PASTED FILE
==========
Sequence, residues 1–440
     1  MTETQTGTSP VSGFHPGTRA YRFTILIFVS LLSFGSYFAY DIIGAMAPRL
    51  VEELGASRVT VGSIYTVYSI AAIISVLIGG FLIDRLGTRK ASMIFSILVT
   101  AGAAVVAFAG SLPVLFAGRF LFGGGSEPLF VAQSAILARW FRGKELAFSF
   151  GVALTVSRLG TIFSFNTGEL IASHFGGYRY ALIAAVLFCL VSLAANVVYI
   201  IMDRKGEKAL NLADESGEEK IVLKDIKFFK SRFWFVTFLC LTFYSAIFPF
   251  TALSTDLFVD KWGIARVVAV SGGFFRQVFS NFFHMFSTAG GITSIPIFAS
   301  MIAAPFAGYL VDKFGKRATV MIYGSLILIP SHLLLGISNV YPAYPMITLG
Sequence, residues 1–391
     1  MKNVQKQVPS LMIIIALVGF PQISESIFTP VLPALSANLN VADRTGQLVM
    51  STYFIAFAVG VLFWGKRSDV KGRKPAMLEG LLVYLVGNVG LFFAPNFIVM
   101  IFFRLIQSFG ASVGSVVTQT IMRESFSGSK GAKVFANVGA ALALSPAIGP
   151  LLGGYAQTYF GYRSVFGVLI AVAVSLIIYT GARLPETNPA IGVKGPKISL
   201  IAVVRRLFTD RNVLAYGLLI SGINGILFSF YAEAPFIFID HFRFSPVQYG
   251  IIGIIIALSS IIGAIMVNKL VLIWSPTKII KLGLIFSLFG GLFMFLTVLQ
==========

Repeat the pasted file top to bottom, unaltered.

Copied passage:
Sequence, residues 1–440
     1  MTETQTGTSP VSGFHPGTRA YRFTILIFVS LLSFGSYFAY DIIGAMAPRL
    51  VEELGASRVT VGSIYTVYSI AAIISVLIGG FLIDRLGTRK ASMIFSILVT
   101  AGAAVVAFAG SLPVLFAGRF LFGGGSEPLF VAQSAILARW FRGKELAFSF
   151  GVALTVSRLG TIFSFNTGEL IASHFGGYRY ALIAAVLFCL VSLAANVVYI
   201  IMDRKGEKAL NLADESGEEK IVLKDIKFFK SRFWFVTFLC LTFYSAIFPF
   251  TALSTDLFVD KWGIARVVAV SGGFFRQVFS NFFHMFSTAG GITSIPIFAS
   301  MIAAPFAGYL VDKFGKRATV MIYGSLILIP SHLLLGISNV YPAYPMITLG
Sequence, residues 1–391
     1  MKNVQKQVPS LMIIIALVGF PQISESIFTP VLPALSANLN VADRTGQLVM
    51  STYFIAFAVG VLFWGKRSDV KGRKPAMLEG LLVYLVGNVG LFFAPNFIVM
   101  IFFRLIQSFG ASVGSVVTQT IMRESFSGSK GAKVFANVGA ALALSPAIGP
   151  LLGGYAQTYF GYRSVFGVLI AVAVSLIIYT GARLPETNPA IGVKGPKISL
   201  IAVVRRLFTD RNVLAYGLLI SGINGILFSF YAEAPFIFID HFRFSPVQYG
   251  IIGIIIALSS IIGAIMVNKL VLIWSPTKII KLGLIFSLFG GLFMFLTVLQ